Appleton's Cyclopedia of American Biography, edited by James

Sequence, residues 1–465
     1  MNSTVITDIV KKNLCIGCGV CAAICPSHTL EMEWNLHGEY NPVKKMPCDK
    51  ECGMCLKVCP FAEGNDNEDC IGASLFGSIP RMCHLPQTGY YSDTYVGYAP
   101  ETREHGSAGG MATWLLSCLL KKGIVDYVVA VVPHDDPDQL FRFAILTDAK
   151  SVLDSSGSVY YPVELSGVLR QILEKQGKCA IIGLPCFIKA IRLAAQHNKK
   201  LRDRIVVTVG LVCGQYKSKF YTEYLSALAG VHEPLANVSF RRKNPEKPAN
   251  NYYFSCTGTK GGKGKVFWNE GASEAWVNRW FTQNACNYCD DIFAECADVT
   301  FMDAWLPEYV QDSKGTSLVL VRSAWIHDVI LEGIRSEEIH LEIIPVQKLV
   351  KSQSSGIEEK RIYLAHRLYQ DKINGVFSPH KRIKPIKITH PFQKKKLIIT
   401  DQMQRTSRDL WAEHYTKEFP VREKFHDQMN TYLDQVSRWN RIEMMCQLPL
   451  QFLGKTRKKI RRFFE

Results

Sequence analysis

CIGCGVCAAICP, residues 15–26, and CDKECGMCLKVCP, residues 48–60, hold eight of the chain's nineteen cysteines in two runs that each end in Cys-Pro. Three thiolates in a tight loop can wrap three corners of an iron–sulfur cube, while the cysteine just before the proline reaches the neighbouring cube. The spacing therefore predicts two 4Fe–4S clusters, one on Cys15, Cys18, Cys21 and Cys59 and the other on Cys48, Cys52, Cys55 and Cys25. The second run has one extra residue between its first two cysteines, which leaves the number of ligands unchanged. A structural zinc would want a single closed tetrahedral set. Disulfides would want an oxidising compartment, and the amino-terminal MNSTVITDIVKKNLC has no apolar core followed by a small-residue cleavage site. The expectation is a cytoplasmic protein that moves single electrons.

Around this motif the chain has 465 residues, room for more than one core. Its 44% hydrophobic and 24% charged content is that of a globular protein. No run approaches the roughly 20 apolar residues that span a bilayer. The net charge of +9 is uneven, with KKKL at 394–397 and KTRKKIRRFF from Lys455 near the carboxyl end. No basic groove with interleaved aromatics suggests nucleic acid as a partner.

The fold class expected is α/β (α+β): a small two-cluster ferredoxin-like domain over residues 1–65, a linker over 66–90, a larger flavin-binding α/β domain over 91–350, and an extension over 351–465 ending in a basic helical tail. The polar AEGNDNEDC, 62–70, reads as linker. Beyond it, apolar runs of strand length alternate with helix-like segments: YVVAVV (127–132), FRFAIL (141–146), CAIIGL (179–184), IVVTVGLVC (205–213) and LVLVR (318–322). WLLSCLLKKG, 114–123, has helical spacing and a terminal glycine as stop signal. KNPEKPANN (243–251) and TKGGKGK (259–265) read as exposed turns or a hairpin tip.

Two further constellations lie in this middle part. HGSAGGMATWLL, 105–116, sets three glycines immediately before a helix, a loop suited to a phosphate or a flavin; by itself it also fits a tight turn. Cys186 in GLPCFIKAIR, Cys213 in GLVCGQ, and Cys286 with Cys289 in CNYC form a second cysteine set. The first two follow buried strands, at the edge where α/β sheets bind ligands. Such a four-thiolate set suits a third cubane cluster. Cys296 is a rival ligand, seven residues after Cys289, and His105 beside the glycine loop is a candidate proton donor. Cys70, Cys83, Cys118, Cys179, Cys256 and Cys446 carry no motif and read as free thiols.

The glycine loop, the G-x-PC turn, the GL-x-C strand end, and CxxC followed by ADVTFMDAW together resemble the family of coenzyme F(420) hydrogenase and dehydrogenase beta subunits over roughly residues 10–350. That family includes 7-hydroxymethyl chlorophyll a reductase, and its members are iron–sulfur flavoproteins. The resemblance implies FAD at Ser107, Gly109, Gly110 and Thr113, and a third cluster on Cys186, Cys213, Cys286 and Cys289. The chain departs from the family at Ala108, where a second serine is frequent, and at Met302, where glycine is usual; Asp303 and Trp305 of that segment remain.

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CAMPBELL, Donald, British soldier, born in Scotland about 1735; died near Fort Detroit (now Detroit, Michigan), in 1763. He became a lieutenant in the "Royal American" regiment (then the 62d foot) on 4 January, 1756. He was promoted to captain-lieutenant in the same regiment, then the 60th foot, and commanded by Sir Jeffrey Amherst, on 14 April, 1759, and on 29 August became captain. He had been acting major and commandant of Fort Detroit, but had been succeeded by Maj. Henry Gladwin. Maj. Campbell had gained the confidence of the Indians by his fairness, and, during the siege of the fort by Pontiac, offered to confer with the latter at his request. Campbell accordingly set out, accompanied by Lieutenant McDougal and other Canadians. He had been several times warned of treachery, and after his departure messengers were sent after him by M. Gonin, an old and wealthy settler, urging him to return, but without avail. After haranguing an assemblage of impassable savages, he was about to return to the fort, when Pontiac arose and said: "My father will sleep to-night in the lodges of his red children." The captives were shielded by the chief from the fury of the Indians, who would have killed them. and were protected for some time; but Pontiac refused to give them up at Maj. Glad-win's demand. McDougal finally managed to escape, but Campbell, being able neither to run nor to see plainly, could not get away. Finally Was-sin, an Ojibway chief, whose nephew had been killed in a skirmish and scalped by the British, seized Campbell, and he was put to death with torture. The savages are said to have torn out his heart and eaten it, that they might gain courage. Pontiac is said by some to have consented to this outrage, but is exculpated by others. See Parkman's "Conspiracy of Pontiac" (Boston, 1855), and Maj. Rogers's " Diary of the Siege of Detroit," edited by Franklin born Hough (Albany, 1860).
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